Consume is a continent at war. The Ninteldo empire has nearly crushed the smaller nation of Segua and other countries are scrabbling for territory. But the tide may soon be turning: a Seguan boy named Gear could change the fate of the war with his super-speed and mighty determination.
World War Blue is a story about the video game console wars. Every nation represents a game company and each major character represents a hit game. Ninteldo is ruled by Marcus, whose familiar mustache, dinosaur steed, and brother Gluiji lend a strong resemblance to Nintendo’s famous Mario. Besides being unnaturally fast, Gear has spiky blue hair and his nickname is “The Blue Sonic,” just in case anyone hadn’t already connected him to Sega’s Sonic the Hedgehog.
Not all of the references are so obvious: other game companies include Data East as the kingdom of Decoran, Hudson Soft as the Republic of Habeed, and more. Each boasts at least one hero who represents a game made by that company. For readers who haven’t picked up on the subtext, the series periodically includes a section in which cartoon characters discuss the real-life history of video games and the companies that make them. Of course, these sections drop heavy hints about the companies and games that are represented in the plot.
The series falls into the shonen genre, full of battle and heroics, but it’s also full of highly sexualized portrayals of women. Opal, the female character who gets the most page time, is a powerful warrior who wears a skimpy tube top, a loincloth, and laughably, one armored shoulder plate. While it’s true that male lead Gear is shirtless for the entire series, he is never shown in sexy poses, groped, or threatened with rape—all things that regularly happen to Opal. Gear’s outfit is not impractical for a speedster, and many real-life men wear long shorts to go running. Opal’s outfit would be impractical in any situation, but especially in combat; indeed, she takes at least one serious wound to her fully-exposed back.
Tejirov, a lecherous mage, represents the game Tetris—prepare for comments about having a piece that’s just the right fit for a hole. He frequently talks about self-pleasuring, and while sometimes this turns out to refer to something non-sexual, other times he really is talking about masturbation. As Tejirov trains Gear and Opal, he teaches Opal a magical technique that he knows will drain her energy. When she collapses, he explains that using this technique could leave her helpless, and demonstrates by gleefully groping her. The next time Opal sees him, she is clearly uncomfortable, but Tejirov’s behavior is played for laughs with no hint of consequences. We are meant to see him as a good guy, even though we eventually discover that Opal’s original fighting trainer—portrayed as abusive and gross—groped her during their training sessions. When Tejirov does the exact same thing, he’s just “that wacky lecherous mage!”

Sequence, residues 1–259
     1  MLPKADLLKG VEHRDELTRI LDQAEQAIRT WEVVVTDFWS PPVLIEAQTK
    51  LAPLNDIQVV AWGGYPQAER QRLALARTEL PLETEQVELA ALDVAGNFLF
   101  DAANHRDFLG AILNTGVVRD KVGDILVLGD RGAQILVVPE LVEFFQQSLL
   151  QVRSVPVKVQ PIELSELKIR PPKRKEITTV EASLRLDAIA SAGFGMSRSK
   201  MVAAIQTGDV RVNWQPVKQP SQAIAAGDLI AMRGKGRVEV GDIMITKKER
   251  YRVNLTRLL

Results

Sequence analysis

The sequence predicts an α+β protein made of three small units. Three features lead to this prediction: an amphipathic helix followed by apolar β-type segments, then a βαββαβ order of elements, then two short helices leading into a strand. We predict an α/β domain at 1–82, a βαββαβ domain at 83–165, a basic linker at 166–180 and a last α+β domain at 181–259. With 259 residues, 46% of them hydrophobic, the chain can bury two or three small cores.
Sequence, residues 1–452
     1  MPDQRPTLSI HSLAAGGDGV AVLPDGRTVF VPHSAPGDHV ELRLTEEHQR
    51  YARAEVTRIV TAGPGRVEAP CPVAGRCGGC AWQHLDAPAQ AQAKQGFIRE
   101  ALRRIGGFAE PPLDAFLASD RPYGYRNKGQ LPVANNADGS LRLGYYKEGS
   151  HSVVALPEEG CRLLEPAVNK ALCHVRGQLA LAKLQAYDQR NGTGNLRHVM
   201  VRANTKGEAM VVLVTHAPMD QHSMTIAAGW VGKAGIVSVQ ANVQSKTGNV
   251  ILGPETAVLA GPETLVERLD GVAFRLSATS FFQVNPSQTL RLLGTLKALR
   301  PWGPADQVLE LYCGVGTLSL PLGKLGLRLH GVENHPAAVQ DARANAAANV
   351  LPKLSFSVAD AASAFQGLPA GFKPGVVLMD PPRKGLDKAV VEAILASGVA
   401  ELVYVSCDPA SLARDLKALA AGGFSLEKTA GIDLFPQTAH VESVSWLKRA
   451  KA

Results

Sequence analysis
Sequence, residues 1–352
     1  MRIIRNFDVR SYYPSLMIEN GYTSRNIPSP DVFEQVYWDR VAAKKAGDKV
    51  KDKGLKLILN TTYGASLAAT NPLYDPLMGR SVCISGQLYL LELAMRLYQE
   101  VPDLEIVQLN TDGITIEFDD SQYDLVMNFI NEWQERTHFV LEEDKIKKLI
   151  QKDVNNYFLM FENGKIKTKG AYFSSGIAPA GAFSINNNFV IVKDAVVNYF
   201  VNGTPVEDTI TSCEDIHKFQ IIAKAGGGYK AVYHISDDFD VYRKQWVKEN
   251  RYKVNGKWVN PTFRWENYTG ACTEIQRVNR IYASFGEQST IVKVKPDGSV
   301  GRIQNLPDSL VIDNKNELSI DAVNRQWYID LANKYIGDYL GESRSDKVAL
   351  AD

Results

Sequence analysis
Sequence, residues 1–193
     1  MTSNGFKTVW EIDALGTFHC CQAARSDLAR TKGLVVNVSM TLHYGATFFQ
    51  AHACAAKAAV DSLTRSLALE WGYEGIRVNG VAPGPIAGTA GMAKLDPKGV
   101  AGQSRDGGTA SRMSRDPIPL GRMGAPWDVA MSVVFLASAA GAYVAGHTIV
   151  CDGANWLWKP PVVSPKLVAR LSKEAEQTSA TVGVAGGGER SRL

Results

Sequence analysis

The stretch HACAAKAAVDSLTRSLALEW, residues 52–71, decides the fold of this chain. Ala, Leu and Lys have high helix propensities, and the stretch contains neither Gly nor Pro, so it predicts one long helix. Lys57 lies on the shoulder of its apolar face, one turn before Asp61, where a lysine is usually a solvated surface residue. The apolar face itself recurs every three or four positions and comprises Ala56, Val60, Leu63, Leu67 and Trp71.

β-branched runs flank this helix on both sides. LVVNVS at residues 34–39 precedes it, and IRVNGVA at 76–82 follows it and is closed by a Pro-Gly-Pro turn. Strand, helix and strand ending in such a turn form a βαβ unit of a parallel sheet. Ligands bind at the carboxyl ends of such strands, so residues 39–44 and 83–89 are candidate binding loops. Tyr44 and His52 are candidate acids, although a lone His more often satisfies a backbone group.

Additionally, the army’s female leader, Ramses, suddenly appears naked during intense emotional moments (no naughty bits visible). This is likely a metaphorical representation of her mental state as the other characters don’t react, but it still seems out of place. One volume also features a side story in which a girl with supernatural strength is enslaved and threatened with rape before being rescued by a man; she then begs to be allowed to serve as her rescuer’s “horse.” The only prominent woman who is not constantly sexualized is Nel. Described by the series’ creators as a “little sister character,” even she gets to experience Tejirov’s disgusting comments.
The artwork has a spare, sketched-in look and the action sequences feature a lot of motion lines with big, scribbly-looking explosions. Characters vary from the typical attractive anime types to weird, monstrous creatures that represent strangely-animated characters from early games. For example, our heroes face off against D. Fisher, a sharp-toothed, bulky man with a vaguely scaly appearance modeled after the fish-like protagonist of the arcade game Darius. D. Fisher is described as being three times as wide as a normal person, a reference to the extra-wide screen used by Darius, which requires a special setup of three adjacent screens to play. For additional context, character bios and maps appear in each volume.
This nine-volume series has been made into an anime, which may increase its appeal for some readers. Otherwise, fans of video games—especially old and obscure games or consoles—will find a lot to interest them. Shonen fans may find the story slightly weak, as plot logic is sometimes stretched to make connections to video games, but they will probably like the can-do fighter Gear. There’s just the rampant objectification and casual treatment of sexual assault to keep in mind.
World War Blue, vols. 1-4
by Anastasia Shestakova
Art by Crimson
Vol. 1 ISBN: 9781937867966
Vol. 2 ISBN: 9781937867973
Vol. 3 ISBN: 9781937867980
Vol. 4 ISBN: 9781626920057
Seven Seas, 2013-2014
Publisher Age Rating: Teen